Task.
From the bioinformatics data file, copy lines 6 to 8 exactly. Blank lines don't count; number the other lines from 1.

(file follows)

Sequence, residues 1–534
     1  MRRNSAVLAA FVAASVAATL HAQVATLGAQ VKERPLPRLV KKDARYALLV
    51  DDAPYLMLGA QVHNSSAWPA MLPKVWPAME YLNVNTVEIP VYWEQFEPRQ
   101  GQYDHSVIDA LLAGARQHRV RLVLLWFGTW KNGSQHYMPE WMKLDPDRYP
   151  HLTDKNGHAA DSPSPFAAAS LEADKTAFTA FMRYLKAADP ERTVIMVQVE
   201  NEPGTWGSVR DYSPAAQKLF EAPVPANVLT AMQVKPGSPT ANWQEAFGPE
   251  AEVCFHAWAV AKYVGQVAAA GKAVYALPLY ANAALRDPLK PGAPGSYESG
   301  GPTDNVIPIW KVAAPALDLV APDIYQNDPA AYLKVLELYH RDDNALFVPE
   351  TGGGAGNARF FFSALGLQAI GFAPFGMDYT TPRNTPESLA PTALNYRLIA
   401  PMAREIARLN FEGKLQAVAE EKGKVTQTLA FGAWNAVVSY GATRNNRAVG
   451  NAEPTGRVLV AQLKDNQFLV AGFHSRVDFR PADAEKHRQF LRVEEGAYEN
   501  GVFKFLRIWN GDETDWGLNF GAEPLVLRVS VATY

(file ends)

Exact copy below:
   201  NEPGTWGSVR DYSPAAQKLF EAPVPANVLT AMQVKPGSPT ANWQEAFGPE
   251  AEVCFHAWAV AKYVGQVAAA GKAVYALPLY ANAALRDPLK PGAPGSYESG
   301  GPTDNVIPIW KVAAPALDLV APDIYQNDPA AYLKVLELYH RDDNALFVPE